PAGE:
Chicago Closing More Schools

February 14 2006

On January 26, the Chicago Public Schools announced new plans for closing several schools and "reorganizing" others.

Under the plan, two elementary schools (Frazier and Morse) and one high school (Collins) will be shut down. Sherman elementary school will be "reinvented;" all the teachers will be fired and the school will be turned over to a private operator, Academy for Urban School Leadership, which already runs four other Chicago schools. Carver High School will also be "reinvented" and its local school council will be eliminated.

CPS is also continuing its program for phasing out Lindblom, Bowen and DuSable High Schools as well as the Arie and KIPP Chicago Youth Village middle schools. As many as 100-200 teachers may lose their jobs through these closures and reorganizations.

The CPS tried to justify the closures by claiming that the students from these schools performed poorly on standardized tests; Mayor Daley said that the children from these poor and minority neighborhoods "are going to end up on the street or prison." (quoted in "Chicago Sun-Times," 2/1/06). The CPS also claimed that the schools slated for closure were "underutilized."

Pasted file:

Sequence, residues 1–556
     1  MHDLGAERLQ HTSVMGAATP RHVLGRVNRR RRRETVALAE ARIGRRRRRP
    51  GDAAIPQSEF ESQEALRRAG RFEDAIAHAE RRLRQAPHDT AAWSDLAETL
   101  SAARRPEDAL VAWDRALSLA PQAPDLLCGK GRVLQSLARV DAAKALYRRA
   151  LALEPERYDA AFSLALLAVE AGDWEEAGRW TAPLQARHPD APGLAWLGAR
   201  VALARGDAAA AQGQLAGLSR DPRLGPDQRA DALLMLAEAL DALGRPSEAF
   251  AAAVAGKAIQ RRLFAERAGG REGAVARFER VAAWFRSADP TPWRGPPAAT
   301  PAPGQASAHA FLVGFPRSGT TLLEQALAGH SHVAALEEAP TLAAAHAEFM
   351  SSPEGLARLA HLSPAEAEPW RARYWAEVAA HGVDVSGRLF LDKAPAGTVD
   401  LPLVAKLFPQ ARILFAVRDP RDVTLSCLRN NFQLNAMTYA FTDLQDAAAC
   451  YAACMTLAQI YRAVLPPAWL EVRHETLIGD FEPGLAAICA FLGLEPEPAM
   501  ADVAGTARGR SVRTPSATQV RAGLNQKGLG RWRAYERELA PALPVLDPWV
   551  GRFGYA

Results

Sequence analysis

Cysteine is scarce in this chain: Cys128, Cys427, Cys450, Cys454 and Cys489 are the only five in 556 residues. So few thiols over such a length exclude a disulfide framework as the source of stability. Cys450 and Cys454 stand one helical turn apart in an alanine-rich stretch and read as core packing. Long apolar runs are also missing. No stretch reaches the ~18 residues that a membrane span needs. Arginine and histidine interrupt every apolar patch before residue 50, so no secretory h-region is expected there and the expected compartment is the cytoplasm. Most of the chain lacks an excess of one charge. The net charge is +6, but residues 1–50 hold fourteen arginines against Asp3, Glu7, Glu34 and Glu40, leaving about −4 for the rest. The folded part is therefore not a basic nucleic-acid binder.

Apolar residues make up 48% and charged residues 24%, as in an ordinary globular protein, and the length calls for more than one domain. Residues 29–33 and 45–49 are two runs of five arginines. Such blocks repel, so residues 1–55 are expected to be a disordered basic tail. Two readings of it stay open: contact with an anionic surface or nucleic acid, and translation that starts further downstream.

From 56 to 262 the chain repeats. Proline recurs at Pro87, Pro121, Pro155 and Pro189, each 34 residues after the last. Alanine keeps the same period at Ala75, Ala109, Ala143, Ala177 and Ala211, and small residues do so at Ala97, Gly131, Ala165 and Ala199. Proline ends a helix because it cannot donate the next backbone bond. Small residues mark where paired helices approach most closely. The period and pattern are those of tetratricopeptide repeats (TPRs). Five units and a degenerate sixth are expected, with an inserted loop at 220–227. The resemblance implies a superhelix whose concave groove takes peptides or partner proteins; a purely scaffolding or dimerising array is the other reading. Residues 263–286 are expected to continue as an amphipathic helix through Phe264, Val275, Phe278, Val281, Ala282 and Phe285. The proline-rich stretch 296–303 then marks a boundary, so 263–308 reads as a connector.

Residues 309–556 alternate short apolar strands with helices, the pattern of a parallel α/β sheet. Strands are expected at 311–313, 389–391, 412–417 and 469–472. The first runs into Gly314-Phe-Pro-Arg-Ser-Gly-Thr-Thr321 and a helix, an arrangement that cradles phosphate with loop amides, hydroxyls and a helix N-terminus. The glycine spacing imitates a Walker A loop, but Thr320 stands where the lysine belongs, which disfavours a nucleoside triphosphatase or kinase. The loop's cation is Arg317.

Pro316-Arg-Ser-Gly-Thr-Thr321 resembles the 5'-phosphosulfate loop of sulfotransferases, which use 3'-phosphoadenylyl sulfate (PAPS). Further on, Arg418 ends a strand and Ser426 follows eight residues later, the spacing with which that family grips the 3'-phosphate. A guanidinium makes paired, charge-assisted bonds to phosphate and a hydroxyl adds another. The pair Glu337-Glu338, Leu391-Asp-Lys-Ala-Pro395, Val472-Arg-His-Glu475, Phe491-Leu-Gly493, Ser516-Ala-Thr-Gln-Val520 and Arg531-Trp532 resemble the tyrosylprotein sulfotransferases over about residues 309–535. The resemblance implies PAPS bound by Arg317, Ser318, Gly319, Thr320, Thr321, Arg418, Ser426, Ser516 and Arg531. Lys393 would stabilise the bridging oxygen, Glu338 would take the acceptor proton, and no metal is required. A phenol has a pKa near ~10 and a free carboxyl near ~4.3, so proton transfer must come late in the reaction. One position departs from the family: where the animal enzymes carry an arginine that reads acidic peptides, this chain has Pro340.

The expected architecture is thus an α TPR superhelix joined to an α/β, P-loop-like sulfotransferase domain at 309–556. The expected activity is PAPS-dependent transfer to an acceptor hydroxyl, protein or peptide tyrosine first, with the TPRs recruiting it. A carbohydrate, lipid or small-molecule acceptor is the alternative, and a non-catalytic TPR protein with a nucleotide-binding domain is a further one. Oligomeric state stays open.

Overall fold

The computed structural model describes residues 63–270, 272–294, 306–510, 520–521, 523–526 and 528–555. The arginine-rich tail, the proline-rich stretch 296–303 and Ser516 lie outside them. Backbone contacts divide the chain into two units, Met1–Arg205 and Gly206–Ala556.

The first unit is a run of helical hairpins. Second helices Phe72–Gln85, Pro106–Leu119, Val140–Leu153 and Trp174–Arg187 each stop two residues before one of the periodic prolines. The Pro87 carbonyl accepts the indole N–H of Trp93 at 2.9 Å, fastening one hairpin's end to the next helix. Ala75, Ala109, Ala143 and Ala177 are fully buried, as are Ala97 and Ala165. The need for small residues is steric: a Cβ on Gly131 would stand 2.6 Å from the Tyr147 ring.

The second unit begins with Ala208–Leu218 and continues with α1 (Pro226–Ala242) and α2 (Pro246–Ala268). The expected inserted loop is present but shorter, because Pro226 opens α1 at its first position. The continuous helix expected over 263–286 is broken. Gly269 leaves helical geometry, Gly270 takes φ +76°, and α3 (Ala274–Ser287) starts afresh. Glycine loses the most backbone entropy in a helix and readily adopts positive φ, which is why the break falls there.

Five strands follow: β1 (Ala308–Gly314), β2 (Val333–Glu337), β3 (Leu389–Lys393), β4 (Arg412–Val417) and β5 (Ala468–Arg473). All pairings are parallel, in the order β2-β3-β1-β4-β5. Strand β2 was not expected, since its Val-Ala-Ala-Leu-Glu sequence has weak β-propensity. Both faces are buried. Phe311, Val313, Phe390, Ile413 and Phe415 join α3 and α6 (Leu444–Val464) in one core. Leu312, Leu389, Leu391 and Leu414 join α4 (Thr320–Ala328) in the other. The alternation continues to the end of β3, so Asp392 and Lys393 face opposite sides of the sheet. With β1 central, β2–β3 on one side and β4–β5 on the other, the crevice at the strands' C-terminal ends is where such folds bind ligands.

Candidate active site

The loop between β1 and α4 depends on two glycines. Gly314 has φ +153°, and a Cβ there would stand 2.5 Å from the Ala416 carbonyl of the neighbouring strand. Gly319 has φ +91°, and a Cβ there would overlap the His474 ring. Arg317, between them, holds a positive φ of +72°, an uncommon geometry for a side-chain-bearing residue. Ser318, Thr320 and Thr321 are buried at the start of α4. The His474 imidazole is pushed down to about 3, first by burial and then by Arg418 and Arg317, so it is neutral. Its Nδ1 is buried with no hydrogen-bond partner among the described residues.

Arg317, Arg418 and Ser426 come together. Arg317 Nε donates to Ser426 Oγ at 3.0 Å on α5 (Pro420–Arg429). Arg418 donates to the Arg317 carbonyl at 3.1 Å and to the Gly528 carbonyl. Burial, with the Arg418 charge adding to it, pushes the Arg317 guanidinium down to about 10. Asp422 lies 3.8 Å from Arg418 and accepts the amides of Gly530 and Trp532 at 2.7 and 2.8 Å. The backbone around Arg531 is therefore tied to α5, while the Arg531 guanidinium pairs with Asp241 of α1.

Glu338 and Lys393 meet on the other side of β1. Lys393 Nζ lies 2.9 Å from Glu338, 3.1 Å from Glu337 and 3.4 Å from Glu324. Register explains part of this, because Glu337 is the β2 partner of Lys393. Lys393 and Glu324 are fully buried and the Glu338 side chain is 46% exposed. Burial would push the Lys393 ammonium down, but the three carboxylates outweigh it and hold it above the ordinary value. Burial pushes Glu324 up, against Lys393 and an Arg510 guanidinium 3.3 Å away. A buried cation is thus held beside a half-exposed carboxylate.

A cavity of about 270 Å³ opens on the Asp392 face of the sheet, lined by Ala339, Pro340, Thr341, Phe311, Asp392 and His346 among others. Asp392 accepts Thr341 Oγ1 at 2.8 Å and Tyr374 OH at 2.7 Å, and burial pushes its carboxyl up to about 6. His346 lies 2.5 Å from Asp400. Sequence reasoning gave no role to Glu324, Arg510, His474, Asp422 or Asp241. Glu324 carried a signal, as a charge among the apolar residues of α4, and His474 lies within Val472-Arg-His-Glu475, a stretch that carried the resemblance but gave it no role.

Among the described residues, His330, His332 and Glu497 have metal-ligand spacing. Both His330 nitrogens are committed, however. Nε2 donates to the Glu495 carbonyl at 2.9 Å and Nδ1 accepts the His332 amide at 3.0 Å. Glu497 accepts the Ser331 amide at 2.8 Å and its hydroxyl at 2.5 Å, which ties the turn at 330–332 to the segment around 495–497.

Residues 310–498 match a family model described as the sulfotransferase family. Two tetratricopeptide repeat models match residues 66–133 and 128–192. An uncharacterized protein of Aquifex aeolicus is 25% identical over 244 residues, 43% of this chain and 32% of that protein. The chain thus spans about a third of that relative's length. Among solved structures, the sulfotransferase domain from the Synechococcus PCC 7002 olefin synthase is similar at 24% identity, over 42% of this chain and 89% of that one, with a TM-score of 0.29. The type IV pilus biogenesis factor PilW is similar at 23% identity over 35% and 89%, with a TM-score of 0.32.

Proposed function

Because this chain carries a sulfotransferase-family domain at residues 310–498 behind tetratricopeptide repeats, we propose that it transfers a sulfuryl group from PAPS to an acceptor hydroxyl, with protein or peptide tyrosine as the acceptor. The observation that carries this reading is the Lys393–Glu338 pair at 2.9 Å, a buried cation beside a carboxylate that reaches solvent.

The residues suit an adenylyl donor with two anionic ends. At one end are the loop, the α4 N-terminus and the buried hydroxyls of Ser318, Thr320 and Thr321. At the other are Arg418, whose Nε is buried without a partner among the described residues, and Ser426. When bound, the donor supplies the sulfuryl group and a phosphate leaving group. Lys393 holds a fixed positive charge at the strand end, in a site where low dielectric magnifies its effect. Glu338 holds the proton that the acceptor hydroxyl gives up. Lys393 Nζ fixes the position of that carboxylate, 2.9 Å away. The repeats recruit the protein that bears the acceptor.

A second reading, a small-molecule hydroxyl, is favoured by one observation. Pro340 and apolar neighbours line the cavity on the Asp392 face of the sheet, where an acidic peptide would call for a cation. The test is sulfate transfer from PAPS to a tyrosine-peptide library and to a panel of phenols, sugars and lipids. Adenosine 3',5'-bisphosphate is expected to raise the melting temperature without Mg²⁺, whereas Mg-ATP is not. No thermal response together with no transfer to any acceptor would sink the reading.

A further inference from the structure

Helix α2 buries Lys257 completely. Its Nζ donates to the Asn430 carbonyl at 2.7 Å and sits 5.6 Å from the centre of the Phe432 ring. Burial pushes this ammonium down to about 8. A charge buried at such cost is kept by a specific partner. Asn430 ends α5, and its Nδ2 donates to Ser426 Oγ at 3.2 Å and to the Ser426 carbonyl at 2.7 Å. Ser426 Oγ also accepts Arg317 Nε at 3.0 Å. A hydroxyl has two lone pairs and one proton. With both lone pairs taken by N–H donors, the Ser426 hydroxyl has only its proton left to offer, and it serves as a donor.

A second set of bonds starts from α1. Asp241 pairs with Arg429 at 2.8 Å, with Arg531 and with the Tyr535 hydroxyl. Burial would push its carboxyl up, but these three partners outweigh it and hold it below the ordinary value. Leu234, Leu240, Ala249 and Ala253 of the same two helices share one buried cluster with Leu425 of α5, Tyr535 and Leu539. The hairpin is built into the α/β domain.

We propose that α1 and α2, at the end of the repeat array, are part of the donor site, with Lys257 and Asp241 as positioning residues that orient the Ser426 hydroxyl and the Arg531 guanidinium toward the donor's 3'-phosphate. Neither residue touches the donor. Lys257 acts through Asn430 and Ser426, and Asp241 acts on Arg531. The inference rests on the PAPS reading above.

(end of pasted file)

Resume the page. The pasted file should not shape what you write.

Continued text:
This is the criminal logic of the CPS and Mayor Daley, who are trying to blame their victims (the school children) for the failures of the school hierarchy and city government. They are the authorities who are responsible for systematically underfunding and overcrowding the public schools, especially those in working class and minority neighborhoods.

These latest closings are part of the city's ongoing program of underfunding and devastating public education for the working class. The CPS is already in the middle of its "Renaissance 2010" plan which is shutting down or reorganizing 100 schools, many of which will be turned into charter schools runs by private corporations or the military. The city's plan is to both privatize the public schools and to strengthen a "tracking system" of unequal education in which a small percentage of students are prepared for college while the majority are trained for technical vocations or military services.